What We’re Reading: March 17, 2011 Edition
In the news this week, the National Library of Medicine announces its student volunteer internship program, teachers add over 1,700 activities in six months to the National Archives DocsTeach site, and the Hagley Museum and Library has digitized Enron documents. Then, read about the benefits of peer review, an interview with Robert Darnton on the Digital Public Library of America, and what conference goers want out of a mobile app. Finally, look back at the first electric car, learn about changes in remembering the Civil War in Charleston, hear the story behind old Australian mug shots, and travel back to 1900s Europe.
- NLM History of Medicine Division Announces New Volunteer Internship Program
Undergraduate and graduate students interested in archiving and cataloging materials, creating exhibits, and preserving and digitizing documents may be interested in the National Library of Medicine’s hands-on volunteer internship program. It’s an opportunity for students to gain skills and learn more about what a future career in the archives may entail.
- National Archives’ DocsTeach: Expansion of New Online Site by Teachers Nationwide
The National Archives recently announced that their DocsTeach site, which launched last year with two dozen activities, has in just six months increased to 1,700 activities contributed by teachers who’ve visited the site. See our post from September 2010, where we examine many of the elements of this site.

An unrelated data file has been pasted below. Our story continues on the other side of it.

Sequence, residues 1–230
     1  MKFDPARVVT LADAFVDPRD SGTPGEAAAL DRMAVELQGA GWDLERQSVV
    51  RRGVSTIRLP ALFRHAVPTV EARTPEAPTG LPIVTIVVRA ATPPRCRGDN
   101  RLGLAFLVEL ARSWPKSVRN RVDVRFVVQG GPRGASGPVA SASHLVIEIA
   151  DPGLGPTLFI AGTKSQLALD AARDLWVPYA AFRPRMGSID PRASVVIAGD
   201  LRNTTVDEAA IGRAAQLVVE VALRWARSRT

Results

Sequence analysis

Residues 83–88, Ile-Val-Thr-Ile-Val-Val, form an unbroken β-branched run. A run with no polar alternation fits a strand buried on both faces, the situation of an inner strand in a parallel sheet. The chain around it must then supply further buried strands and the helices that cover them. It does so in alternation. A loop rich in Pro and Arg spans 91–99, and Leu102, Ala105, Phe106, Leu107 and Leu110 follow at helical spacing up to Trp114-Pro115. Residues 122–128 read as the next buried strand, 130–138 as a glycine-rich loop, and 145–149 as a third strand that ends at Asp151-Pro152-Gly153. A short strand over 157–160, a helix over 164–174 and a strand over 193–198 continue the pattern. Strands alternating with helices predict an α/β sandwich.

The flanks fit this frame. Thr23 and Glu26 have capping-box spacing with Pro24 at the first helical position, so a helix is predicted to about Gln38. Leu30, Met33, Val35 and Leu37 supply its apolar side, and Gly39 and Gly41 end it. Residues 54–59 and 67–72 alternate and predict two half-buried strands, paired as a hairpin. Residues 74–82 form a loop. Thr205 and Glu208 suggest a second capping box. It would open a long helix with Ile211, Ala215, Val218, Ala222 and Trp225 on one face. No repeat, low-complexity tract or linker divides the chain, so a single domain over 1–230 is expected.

- Hagley Museum and Library: Herbert S. Winokur, Jr., Enron Board Records Collection
Hagley Museum and Library has digitized its collection of Herbert S. Winokur, Jr. Enron Board Records, which span from 1997 through 2001 and document this landmark case of corporate bankruptcy.
- Guest Post: Defending Current Practice
Matt Karush (an associate professor at George Mason University) considers the often ignored benefits of the current peer review system in a guest post at The Aporetic.
- An Interview with Robert Darnton on the Digital Public Library of America
Randall Stephens at The Historical Society blog sits down with Robert Darnton to discuss plans for a Digital Public Library of America.
- Reader Input: Mobile App for Conferences?
ProfHacker at the Chronicle asks readers what they’d like to see in a mobile conference app, and receives some interesting responses.
- The Electric Taxi Company You Could Have Called in 1900
The Atlantic remembers the first electric car: the Electrobat. Hat tip.
- Emancipating History
Signs of slavery abound around Charleston, but until the 1990s they were often missing from museums there.
- Eerily Beautiful Mug Shots From 1920s Australia
NPR tells the stories behind some mug shots from the early 1900s taken from the New South Wales Police Forensic Photography Archive, Justice & Police Museum/Historic Houses of NSW.
- A history of Europe in pictures
The Guardian presents a look back at Europe in the early to mid 1900s.
Contributors: Miriam Hauss Cunningham, Elisabeth Grant, Vernon Horn, Matthew Keough and Robert B. Townsend
This post first appeared on AHA Today.
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